Vatican II Revisited, By Those Who Were There, Edited by Alberic Stacpoole. Minneapolis, Minn.: Winston Press. 365 pp. $24.50. In his insightful foreword to this volume, Joseph Cardinal Bernardin of Chicago notes that the Second Vatican Council (1962-65) was the largest gathering in history of Roman Catholic bishops; it was a gathering that ``truly represented the great cultural diversity'' of the Roman Catholic Church, and ``it was the first ecumenical council which did not result in a schism.''
But if there was no schism, Vatican II did produce some extraordinary achievements that have dramatically changed the Catholic Church both internally and in its relations with the rest of the world.
In this volume, 23 bishops, advisers, and observers who were present in Rome during the council do more than merely recount their experiences. They also evaluate the council's impact since 1965 and offer some thoughts about the future of the Church in the light of Vatican II. Some contributions are more informative and revealing than others, but each essay presents an important view of a major historical event.
One of the best entries is that of Archbishop Loris Capovilla, who served as Pope John XXIII's secretary. Bishop Capovilla recaptures the optimistic mood of the early 1960s, including the election of a Roman Catholic, John F. Kennedy, to the American presidency. That buoyant mood was central to the council's success in breaking new ground for the Church.
Monsignor John Tracy Ellis's contribution focuses on one of Vatican II's most important achievements. ``Dignitatis Humanae,'' the Declaration on Religious Freedom. Although this declaration was overwhelmingly passed by the bishops, it represented a profound change in official Catholic thinking. Ellis writes that the issue of religious freedom ``was of paramount importance for the Church's future in a world where pluralism had become so pervasive....'' It was the deep commitment of the more than 200 United States prelates who were present in Rome that helped ensure the passage of ``Dignitatis Humanae.''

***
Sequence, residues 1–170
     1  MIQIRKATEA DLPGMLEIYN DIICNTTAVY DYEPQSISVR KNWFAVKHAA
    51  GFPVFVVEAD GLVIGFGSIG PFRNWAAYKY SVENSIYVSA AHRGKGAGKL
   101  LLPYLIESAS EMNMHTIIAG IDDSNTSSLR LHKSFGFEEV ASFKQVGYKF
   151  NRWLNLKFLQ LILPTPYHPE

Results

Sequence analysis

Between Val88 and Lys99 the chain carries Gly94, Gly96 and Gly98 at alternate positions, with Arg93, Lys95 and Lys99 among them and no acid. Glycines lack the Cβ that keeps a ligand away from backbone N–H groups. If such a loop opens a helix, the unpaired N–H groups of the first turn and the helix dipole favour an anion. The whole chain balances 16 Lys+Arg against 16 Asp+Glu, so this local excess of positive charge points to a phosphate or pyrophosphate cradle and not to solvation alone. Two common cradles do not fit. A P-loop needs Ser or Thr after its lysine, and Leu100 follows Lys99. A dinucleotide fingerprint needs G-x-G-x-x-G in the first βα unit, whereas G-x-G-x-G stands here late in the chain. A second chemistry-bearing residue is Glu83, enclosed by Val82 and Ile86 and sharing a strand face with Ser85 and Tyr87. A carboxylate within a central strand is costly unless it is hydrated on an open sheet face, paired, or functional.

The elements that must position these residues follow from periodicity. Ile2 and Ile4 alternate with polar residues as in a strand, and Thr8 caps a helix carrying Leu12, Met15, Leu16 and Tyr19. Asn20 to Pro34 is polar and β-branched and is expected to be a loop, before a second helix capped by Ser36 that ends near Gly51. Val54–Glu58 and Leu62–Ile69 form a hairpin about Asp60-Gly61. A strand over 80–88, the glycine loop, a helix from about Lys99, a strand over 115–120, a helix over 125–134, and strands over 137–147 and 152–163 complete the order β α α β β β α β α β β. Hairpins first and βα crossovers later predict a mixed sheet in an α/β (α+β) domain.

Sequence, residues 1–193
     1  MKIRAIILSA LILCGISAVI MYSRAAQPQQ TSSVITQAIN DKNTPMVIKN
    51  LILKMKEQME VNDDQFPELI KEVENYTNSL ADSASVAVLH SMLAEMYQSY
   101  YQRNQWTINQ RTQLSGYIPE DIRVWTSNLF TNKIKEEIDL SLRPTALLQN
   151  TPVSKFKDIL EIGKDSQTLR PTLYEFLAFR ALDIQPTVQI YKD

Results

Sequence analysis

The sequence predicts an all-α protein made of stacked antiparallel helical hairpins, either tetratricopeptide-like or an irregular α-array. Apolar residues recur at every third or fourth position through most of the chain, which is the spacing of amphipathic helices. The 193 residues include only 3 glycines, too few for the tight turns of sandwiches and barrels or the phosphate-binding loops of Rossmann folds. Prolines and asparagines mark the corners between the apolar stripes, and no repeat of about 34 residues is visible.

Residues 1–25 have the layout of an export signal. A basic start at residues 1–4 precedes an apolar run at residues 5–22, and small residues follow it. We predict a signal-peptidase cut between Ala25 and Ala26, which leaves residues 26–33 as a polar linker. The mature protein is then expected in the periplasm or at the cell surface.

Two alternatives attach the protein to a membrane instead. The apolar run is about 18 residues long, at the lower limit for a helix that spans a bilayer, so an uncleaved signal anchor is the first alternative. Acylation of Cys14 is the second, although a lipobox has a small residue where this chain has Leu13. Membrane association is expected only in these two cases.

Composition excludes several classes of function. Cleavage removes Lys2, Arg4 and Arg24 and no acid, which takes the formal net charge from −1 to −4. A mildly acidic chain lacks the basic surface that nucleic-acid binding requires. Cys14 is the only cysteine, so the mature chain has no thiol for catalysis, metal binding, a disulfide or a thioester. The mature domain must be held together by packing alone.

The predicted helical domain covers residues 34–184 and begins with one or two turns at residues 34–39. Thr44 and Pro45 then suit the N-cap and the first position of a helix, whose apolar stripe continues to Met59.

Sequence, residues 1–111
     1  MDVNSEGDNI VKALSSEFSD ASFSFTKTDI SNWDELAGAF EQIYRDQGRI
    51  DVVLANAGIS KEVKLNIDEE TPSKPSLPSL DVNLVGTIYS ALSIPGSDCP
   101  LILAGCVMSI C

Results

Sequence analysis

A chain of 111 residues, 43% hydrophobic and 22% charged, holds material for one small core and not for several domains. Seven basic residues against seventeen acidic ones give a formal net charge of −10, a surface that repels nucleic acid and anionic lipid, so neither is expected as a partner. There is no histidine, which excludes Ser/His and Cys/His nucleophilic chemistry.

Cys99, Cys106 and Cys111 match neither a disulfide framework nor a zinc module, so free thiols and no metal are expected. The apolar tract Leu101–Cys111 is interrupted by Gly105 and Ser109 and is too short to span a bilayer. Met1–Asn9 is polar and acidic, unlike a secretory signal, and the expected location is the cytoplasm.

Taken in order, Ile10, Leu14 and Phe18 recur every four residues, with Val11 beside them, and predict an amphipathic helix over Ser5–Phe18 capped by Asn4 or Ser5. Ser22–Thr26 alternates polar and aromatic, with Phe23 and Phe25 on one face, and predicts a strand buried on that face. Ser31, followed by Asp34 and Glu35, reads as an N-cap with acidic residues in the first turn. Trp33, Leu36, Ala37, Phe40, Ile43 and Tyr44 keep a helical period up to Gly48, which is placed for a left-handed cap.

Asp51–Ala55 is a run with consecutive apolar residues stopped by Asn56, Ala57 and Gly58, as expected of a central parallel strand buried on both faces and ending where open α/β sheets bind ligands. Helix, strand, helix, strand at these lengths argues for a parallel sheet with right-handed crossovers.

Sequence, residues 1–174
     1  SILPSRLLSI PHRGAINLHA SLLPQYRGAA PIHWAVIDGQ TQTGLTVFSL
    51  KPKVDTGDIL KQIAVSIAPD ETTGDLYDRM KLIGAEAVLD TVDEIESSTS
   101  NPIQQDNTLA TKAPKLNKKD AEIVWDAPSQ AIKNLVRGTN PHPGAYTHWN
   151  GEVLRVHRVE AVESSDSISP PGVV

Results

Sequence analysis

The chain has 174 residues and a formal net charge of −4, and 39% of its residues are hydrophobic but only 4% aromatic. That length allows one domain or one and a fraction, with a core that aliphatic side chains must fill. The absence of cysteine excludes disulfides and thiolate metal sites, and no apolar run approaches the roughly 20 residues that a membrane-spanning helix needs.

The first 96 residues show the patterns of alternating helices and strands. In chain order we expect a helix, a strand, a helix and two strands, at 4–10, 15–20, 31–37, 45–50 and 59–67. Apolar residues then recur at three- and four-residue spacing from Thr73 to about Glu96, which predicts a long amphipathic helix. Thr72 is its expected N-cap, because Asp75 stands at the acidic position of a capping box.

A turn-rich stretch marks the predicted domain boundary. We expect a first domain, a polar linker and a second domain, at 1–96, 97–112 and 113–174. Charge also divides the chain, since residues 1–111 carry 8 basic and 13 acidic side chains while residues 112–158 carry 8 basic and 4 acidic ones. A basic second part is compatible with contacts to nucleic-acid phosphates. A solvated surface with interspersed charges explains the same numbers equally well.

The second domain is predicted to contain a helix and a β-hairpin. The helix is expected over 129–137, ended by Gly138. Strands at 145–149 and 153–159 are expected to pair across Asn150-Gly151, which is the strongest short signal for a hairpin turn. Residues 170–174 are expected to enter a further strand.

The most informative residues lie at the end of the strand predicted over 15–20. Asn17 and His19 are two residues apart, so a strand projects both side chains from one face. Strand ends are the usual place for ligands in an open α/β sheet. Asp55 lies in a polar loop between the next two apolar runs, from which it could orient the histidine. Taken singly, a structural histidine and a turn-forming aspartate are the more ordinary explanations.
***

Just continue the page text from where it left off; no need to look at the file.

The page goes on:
Cardinal Johannes Willebrands has contributed a chapter on one of Vatican II's most celebrated achievements, the repudiation of the deicide charge against the Jews and the strong condemnation of anti-Semitism. The Dutch cardinal is one of the leading figures in improving relations between Catholics and Jews, and his recollection of the intense struggle to adopt the statement on the Jews makes fascinating reading. The efforts by the Church to build bridges of understanding and respect with Jews and Judaism is, in the cardinal's words, ``like a house built upon a rock - nothing can tear it down.''
As in all such collections, the writing in ``Vatican II'' is sometimes uneven, but in most cases the articles are presented in a straightforward, nontechnical manner.
Unfortunately, ``Vatican II'' has no index, and scholars will find it somewhat difficult to use as a reference work. Nonetheless, this book is indispensable for anyone who is seriously interested in the intellectual, cultural, and religious history of the 20th century.